War was so much easier before the world's borders began to seep like a sieve. In past times, the enemy was always a nation, discretely identified, locked within its history, obvious in its breadth and scope. There were no such things as shadowy groups independent of the political state, unrespecting of borders, only ideologically defined. There were simply national rivalries to justify retaliations or a series of negotiations that broke down or incursions into foreign territories or treasons or spy activities out of which to fashion global tensions. It was all neat and military and official. War was not a handful of individuals seething with anger, taut with murderous purpose, seeking vengeance against a nation through the determined violation of its civilian population.
And that is precisely the problem. This time there is no one with whom to negotiate, no international laws to argue, no armies to pit one against another in precise soldierly fashion. It is a delicate situation, politically, psychologically, socially.
It is an even more delicate situation spiritually. It requires the wisdom of Solomon to judge between the perpetrators and victims, to know one from another, to arbitrate between one and the other. We don't know how to handle this one.
But we do know that at no time in history have the powerful ever prevailed over the powerless. The powerless have been defeated, of course, but they have never been conquered. They wait and they rise again. "Peace to the shacks, war to the palaces," they shouted in the French revolution. And in the end, it was the shacks that won, as did farmers in 18th century Vermont against the British army, the most disciplined, best equipped, best trained army in the world.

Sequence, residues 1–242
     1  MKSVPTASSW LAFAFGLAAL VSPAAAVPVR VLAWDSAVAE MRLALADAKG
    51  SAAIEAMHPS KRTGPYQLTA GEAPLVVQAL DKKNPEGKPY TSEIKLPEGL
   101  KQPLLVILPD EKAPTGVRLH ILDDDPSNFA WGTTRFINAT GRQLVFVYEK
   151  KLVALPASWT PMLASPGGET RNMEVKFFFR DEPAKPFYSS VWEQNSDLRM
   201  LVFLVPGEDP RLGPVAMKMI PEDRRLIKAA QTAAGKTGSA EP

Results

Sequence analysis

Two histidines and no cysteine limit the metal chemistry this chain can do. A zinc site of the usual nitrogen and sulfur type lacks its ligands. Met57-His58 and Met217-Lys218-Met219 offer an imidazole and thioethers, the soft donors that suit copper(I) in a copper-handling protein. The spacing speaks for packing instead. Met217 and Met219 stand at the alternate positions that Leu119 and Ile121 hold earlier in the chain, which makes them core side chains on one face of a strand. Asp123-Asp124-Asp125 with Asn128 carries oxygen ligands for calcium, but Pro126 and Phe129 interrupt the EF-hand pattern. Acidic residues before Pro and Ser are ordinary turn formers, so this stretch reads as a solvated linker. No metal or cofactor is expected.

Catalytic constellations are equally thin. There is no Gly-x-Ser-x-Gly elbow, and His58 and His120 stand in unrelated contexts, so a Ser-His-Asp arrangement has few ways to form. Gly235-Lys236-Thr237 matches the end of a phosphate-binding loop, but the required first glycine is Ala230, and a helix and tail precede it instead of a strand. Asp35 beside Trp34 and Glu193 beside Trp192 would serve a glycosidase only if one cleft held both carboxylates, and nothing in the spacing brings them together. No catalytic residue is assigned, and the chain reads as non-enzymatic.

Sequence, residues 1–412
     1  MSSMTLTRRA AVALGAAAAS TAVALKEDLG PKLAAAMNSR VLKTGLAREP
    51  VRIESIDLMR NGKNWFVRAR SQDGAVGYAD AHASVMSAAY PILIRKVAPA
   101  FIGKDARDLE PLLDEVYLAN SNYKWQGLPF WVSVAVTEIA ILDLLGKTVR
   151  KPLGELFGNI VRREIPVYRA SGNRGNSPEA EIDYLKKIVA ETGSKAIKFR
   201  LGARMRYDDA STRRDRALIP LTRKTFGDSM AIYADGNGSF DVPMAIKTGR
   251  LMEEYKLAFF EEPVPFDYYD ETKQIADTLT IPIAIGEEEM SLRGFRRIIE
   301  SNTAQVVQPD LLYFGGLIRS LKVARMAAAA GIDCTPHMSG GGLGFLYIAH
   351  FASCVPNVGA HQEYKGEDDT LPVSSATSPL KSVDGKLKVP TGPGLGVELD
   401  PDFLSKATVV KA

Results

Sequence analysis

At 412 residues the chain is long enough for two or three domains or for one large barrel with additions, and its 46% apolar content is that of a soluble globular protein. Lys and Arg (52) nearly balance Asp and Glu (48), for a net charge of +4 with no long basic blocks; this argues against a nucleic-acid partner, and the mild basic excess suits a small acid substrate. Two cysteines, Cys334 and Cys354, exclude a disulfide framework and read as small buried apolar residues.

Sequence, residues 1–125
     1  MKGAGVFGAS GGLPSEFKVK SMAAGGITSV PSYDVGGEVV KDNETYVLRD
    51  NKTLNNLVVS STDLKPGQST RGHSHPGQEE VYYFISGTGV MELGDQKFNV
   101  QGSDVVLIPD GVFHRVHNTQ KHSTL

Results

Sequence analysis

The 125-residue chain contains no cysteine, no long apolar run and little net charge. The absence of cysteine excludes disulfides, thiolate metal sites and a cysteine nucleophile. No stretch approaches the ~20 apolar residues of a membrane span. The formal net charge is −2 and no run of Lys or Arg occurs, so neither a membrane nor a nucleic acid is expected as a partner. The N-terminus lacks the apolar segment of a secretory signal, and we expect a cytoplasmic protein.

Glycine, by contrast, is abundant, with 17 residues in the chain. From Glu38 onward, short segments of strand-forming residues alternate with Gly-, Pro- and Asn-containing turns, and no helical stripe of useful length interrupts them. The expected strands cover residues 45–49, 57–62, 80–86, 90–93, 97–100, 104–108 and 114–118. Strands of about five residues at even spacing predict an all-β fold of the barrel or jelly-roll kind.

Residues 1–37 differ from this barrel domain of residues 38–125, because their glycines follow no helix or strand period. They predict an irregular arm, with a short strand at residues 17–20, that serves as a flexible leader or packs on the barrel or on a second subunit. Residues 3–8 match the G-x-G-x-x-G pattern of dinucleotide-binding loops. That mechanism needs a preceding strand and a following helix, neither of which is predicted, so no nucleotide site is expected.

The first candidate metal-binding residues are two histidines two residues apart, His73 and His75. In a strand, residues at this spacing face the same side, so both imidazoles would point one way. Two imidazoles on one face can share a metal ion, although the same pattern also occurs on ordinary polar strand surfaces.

It is not possible to defeat people who have nothing to lose. All the Neanderthal nuclear weapons and fanciful nuclear shields in the world will not defend us from the perception of the Arab students who danced in the streets to celebrate the attack on the United States.
Either our national policies or our public relations programs need to be evaluated. Either we are doing good and this good does not persuade or we are perceived to have done ill and this ill must be repented. At this crossover moment in history, we must be as self-critical as we are critical of the terrorists. We must ask how all of this came to be. We must ask why so many people are listening to a man we know as extreme, maybe even insane with power.
The fact is that Jesus' mandate to "love your enemies" means that making peace is more difficult than making war, that it requires as much effort as retaliation, that vengeance is not justice, and that cause is in the eye of the beholder. But we must do it because Christianity depends on it. We need some Samaritans who decide to cross the road, we need people willing, like Peter, to put away their swords for a while. And listen. Otherwise, as the Roman Seneca says, we run the risk of "making a desert and call it peace."
Joan Chittister, a Sojourners contributing editor, is executive director of Benetvision, a resource center for contemporary spirituality.